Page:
Overriding and overloading
The terms overloaded and overridden are similar enough to give cause for confusion. My way of remembering it is to imagine that something that is overridden has literally been ridden over by a heavy vehicle and no longer exists in its own right. Something that is overloaded is still moving but is loaded down with lots of functionality that is causing it plenty of effort. This is just a little mind trick to distinguish the two, it doesn't have any bearing of the reality on the operations in Java.
Overriding is a term related to inheritance. A method is overriden in a subclass when a substitute method of exactly the same name, parameters and return types is implemented and thus replaces the version in the parent class. With an overriden method its entire functionality has been replaced in the child class.
Overriding is useful in that it allows a programmer to inherit most of the functionality of one class but to change that functionality slightly by replacing one or more of the methods in the child class. The new (overriden) method will appear to be exactly the same to any other programmer as it will have the same signature, i.e. Name, parameter types and return type, but what it actually does, its functionality will be different. This important in that it allows the programmer to keep the same interface, the outward appearance whilst changing the inner workings.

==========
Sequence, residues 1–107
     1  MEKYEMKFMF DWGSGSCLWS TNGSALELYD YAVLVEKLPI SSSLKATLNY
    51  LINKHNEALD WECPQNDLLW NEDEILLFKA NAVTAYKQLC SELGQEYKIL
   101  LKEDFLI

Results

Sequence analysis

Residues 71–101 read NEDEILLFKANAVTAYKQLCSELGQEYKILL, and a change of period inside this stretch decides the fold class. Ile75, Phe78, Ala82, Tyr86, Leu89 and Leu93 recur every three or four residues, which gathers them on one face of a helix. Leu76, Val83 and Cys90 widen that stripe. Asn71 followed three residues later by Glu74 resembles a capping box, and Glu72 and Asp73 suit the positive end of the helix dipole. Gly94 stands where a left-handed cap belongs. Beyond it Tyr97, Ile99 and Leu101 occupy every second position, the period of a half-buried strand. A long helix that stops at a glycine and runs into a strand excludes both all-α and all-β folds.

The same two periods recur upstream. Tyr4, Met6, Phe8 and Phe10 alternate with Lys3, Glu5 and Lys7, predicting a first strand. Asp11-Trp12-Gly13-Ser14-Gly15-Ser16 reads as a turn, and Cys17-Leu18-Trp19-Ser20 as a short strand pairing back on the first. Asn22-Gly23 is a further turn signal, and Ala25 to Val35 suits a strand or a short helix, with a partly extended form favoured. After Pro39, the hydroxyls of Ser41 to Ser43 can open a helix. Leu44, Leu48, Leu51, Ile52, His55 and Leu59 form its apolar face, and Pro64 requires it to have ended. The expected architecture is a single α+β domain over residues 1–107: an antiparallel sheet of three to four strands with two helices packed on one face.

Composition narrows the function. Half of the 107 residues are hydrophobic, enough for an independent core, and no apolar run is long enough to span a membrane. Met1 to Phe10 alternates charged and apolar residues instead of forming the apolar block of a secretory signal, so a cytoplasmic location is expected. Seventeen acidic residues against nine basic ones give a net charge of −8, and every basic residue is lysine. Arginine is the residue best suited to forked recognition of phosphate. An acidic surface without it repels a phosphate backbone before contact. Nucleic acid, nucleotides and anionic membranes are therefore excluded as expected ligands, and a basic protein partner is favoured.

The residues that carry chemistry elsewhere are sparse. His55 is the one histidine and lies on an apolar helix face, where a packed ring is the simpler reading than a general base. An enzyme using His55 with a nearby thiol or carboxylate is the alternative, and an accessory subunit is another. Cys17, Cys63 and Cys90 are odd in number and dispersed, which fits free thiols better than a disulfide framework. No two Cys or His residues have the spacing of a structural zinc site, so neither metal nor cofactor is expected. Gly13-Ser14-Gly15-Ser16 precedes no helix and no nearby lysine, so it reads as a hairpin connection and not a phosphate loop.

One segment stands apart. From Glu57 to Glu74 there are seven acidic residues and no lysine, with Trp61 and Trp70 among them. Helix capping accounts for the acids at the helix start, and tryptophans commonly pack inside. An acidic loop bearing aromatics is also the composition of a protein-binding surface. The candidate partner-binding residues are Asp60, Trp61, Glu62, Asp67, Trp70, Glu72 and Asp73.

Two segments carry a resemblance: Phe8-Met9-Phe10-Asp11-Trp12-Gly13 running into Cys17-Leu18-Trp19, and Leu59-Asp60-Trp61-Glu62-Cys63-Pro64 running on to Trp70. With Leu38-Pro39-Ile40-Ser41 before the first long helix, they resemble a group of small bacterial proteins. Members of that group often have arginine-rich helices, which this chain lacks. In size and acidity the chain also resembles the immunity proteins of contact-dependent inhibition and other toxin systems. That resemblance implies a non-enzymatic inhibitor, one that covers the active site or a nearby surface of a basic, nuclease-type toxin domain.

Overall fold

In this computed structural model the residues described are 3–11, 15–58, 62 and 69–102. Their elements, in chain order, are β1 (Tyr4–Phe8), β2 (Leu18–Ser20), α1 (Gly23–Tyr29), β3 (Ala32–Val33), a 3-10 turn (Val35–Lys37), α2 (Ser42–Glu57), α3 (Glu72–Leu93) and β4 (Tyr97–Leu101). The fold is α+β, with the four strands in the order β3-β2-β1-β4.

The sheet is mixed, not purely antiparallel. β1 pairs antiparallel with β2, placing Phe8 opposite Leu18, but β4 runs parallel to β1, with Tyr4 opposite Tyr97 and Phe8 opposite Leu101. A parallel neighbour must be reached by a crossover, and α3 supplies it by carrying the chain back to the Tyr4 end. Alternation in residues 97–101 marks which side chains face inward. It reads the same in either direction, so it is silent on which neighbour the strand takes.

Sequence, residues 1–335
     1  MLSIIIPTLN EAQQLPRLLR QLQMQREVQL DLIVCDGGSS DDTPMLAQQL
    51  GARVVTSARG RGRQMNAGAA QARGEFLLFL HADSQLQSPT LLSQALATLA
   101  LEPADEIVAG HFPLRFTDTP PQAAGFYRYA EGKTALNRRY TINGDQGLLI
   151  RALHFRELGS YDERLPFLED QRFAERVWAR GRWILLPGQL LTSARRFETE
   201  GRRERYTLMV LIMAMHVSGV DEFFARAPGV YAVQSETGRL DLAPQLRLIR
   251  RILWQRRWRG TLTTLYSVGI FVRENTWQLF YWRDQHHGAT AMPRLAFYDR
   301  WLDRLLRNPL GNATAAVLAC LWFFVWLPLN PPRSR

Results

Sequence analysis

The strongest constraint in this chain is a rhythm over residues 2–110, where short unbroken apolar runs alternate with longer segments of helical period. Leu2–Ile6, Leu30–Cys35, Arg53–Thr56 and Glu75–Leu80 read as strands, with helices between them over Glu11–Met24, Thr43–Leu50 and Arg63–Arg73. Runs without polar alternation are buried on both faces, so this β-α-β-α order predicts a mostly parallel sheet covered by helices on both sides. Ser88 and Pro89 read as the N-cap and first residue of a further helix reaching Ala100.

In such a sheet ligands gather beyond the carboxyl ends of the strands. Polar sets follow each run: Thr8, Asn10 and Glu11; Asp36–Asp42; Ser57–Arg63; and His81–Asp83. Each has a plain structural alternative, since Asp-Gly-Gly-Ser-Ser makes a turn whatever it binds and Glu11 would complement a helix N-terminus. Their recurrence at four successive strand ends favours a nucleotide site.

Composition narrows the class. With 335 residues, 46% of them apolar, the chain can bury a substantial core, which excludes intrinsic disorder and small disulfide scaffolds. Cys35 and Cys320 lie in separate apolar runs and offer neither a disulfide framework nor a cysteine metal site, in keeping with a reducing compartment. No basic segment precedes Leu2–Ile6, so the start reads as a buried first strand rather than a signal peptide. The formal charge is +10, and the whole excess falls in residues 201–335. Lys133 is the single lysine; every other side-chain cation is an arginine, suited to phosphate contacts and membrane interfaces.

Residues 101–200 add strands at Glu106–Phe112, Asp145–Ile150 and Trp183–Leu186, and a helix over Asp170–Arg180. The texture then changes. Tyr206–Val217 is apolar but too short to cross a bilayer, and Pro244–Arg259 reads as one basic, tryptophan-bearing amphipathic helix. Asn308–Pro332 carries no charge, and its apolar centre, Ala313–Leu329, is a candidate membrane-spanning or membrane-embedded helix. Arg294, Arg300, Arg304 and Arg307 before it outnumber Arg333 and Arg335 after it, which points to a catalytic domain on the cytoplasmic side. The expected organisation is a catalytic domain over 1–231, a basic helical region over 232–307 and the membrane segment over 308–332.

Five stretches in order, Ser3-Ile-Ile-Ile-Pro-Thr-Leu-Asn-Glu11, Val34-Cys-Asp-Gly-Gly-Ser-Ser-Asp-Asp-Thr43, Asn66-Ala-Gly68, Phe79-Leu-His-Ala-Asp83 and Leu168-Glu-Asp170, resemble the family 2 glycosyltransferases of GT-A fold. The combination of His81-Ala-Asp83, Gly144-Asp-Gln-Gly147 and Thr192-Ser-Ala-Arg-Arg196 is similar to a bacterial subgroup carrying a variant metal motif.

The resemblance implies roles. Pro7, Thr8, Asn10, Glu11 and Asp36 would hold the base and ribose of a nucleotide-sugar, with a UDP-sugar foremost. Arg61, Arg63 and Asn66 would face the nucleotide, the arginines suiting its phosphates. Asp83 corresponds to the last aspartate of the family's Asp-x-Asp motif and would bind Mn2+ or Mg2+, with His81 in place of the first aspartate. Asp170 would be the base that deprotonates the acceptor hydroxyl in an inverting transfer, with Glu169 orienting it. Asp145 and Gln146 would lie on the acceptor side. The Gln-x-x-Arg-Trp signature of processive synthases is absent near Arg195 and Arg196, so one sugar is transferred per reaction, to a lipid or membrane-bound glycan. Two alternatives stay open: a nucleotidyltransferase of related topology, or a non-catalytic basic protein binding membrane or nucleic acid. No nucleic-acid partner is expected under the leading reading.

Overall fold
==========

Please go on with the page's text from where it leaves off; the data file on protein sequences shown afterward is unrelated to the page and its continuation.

The core Java language includes an example of overriding starting with the great grandparent Object class. Every object in Java is implicitly a child (or ancestor at least) of the Object class. The Object class has a method called equals, which in the default implementation will compare the memory address of two different classes. This is rarely what is wanted. So if you had two String objects you would probably want the equals method to compare the sequence of characters within each object. So it is no surprise that the Java String object does indeed override the equals method with a new version that makes a character by character comparison.